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  • 23 May 2023
  • 9 min read

Nurse Associate Apprenticeship: Pros, Cons & How I Got Mine

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    • Mat Martin
    • Richard Gill
  • 1
  • 3459
“I'm really glad that I'm doing the Nurse Associate apprenticeship, and I think it's an absolutely incredible way to get a degree. It doesn't cost you anything, you get paid to do it, and you get a huge amount of practical learning from it.”

In this video, Nick discusses his recent Nurse Associate apprenticeship course, from structure of the program and application process, to balancing working and learning hours.

Hi there, my name's Nick and in this short video I'm going to tell you how I came to be doing an apprentice Nurse Associate course and how I'm getting on with it.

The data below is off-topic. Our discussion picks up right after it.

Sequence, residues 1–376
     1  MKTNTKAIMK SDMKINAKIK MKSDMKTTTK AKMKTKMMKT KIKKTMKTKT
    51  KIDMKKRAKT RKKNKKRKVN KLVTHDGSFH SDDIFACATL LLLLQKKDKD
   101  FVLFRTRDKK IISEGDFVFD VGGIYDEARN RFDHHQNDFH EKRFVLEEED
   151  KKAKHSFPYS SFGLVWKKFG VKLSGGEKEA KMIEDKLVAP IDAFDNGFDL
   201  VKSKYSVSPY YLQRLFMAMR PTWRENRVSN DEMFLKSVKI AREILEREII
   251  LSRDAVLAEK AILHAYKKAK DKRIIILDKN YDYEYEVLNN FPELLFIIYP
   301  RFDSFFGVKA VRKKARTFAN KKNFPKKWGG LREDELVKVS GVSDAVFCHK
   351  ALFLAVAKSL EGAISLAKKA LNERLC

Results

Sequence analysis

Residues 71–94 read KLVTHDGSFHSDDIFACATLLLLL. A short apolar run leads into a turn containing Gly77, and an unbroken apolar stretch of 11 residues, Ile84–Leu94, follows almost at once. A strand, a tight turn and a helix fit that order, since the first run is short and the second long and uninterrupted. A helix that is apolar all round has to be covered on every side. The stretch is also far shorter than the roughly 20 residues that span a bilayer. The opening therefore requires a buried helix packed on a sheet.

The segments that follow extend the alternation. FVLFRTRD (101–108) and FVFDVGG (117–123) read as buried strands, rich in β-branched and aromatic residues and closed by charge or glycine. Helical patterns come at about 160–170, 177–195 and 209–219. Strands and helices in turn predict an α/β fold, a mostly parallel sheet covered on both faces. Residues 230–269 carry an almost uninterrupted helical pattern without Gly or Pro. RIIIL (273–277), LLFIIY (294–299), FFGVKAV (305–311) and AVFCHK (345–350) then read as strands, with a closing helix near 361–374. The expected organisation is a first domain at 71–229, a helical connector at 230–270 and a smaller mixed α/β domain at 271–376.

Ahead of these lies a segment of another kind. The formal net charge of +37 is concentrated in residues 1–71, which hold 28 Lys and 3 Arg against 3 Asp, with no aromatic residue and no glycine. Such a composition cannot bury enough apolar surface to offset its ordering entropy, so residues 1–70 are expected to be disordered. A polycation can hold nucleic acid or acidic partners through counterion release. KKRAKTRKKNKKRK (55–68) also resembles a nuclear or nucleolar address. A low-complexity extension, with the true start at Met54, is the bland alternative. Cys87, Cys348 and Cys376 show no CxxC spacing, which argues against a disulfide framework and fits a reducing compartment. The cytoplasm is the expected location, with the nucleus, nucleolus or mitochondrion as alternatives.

I work for a large NHS Trust in the South of England as a Band 3 Healthcare Assistant (HCA) and started approximately 15 months ago, with limited prior medical or clinical experience.

Developing Your Career

In my interview for the HCA role, and from when I first started, I was very clear to my line manager that I wanted to develop and that I thought I would look to do a nursing qualification before too long. My line manager was very supportive of this but made it clear that practically it was very much down to me to find out about the apprenticeship and to make it happen.